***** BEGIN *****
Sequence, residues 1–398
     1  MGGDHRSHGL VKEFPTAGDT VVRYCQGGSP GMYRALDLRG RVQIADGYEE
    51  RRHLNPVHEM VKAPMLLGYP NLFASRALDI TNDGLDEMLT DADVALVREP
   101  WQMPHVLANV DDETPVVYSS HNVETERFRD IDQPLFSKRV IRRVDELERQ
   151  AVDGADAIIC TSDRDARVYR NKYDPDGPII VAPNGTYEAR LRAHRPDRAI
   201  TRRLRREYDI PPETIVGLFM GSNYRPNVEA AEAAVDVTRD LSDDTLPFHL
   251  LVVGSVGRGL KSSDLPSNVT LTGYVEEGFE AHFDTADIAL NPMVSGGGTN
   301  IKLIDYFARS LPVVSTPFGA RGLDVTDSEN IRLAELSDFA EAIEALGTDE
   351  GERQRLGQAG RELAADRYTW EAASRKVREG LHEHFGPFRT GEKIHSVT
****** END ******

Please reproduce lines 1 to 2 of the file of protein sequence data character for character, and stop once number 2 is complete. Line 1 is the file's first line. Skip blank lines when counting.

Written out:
Sequence, residues 1–398
     1  MGGDHRSHGL VKEFPTAGDT VVRYCQGGSP GMYRALDLRG RVQIADGYEE